Figuring out the best formula
“People who are not supportive of multiplexing, their biggest fear is that the multiplexing could affect the back-end value of the show, and that’s the balance that is being debated right now,” Mr. Kellner acknowledged. “As we start to have more experience with these things, it will become clear what works and what doesn’t work, and then it will be a consensus of how to operate the business.”
But Mr. Kellner is sure of one thing: “The model doesn’t work in the network television business today.” The solution? “You have to sit down and go, `All right, what are you going to do to make it work?’ How can we afford to keep paying for these expensive programs? You can either try to cut everybody’s salaries, which nobody wants, or you can find other ways to exploit the programming [so] that you can generate more revenue [from] the advertisers. This year they proved we’re not going to push the CPM [rates] up again, and maybe not for a while.”
A third repurposing deal is the one Fox has come up with for its highly acclaimed first-year drama “24.” The show, produced by sister News Corp. studio 20th Century Fox Television, airs on Fox and is repurposed on sister cable network FX.
In a highly unusual case for a first-year drama, 20th Century Fox Television is committing up to $2 million per episode on the location-intensive production of “24,” with Fox Broadcasting Co. paying a license fee of $1.65 million for a pair of weekly runs of the series. According to sources close to Fox, sister cable network FX is kicking in another $150,000 per episode for a pair of subsequent weekend runs, thus confining “24’s” front-end production deficit to under $150,000.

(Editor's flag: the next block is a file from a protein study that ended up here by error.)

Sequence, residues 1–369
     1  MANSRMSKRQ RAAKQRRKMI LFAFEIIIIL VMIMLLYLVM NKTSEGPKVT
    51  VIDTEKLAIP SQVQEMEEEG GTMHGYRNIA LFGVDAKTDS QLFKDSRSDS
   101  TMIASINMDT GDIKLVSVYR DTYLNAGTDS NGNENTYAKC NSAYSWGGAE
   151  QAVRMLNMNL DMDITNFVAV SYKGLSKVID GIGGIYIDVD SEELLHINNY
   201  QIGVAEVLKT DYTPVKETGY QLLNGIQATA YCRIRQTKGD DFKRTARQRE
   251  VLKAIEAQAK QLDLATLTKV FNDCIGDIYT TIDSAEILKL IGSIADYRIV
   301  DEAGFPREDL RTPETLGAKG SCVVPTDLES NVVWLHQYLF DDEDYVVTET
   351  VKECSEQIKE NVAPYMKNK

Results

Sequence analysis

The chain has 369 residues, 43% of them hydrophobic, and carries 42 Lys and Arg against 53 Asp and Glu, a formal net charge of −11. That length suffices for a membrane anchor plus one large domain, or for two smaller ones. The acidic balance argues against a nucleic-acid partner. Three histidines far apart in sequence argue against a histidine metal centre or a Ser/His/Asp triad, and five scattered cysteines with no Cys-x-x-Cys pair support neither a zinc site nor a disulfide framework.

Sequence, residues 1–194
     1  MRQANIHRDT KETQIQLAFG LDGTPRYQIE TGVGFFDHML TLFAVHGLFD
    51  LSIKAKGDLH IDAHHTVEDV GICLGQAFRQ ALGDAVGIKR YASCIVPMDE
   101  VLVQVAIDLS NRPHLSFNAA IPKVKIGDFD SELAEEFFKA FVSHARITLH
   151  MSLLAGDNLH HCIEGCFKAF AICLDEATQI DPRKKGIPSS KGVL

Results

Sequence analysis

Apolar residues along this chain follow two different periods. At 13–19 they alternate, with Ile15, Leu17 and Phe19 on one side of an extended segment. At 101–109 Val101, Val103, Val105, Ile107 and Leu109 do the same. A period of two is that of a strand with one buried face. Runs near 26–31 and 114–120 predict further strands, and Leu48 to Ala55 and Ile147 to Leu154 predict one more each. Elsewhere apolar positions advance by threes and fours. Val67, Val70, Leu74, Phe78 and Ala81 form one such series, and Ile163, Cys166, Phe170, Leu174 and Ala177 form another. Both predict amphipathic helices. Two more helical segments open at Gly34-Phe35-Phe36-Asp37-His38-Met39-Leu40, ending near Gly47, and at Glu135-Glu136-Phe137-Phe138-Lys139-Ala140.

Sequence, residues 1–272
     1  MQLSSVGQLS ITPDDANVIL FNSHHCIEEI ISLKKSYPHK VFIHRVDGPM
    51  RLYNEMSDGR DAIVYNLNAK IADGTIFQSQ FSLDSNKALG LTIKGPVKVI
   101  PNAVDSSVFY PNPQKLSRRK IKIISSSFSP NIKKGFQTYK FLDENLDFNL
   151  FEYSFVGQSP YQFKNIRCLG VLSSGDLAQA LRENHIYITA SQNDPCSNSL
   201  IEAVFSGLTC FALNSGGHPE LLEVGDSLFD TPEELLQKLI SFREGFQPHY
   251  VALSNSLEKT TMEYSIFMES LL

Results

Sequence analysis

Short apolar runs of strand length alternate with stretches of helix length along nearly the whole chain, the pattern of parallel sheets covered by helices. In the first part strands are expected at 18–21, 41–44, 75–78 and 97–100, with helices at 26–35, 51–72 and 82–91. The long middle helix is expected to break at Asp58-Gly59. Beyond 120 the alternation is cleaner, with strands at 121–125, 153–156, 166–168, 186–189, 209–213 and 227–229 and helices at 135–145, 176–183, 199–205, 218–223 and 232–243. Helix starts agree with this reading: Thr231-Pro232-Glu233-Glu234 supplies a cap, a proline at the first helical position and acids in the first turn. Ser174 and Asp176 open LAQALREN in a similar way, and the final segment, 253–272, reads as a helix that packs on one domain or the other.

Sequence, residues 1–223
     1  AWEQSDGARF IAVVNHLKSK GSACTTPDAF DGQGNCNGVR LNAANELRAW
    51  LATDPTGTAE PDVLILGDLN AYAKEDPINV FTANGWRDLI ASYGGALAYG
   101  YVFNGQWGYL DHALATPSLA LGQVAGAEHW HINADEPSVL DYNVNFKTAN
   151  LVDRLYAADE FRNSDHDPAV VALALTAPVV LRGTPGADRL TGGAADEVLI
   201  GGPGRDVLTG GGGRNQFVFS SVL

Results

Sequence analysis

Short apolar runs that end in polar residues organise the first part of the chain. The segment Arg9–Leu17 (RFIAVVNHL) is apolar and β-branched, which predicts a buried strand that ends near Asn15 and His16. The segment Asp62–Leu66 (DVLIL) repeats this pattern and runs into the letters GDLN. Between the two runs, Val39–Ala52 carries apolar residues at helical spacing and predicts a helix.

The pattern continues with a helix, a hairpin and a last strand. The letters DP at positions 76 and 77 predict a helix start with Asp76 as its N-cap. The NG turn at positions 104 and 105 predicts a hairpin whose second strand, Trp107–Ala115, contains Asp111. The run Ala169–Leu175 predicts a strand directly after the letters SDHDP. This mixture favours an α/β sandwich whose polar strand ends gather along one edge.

But that early deficit is wiped out when counting other revenue streams such as domestic ad sales (both broadcast and cable–though, unlike the “Charmed” example, the broadcast and cable airings are sold separately) and international syndication licensing sales. International sales are estimated to bring in more than $1 million per episode. Add it all up and “24” is a profitable venture for parent News Corp.
Endangering the back end?
Still, with “24” getting up to four exposures per week (and another four airings in repeats), each episode of the series will have up to eight exposures in first-run, which is acknowledged by company officials as decreasing the potential back-end value of the show for future cable or broadcast syndication sales.
“The repurposed windows are not intended to replace the back-end value of `24,’ said a senior Fox executive. “We realize we’re not going to get the kind of money you typically get from a back-end sale because of the show’s serialized format and because of the additional exposures. The intent of the repurposing window is really to give viewers multiple opportunities to see the show and for Fox to aggregate the ratings to give this expensive show some positive traction in year one.”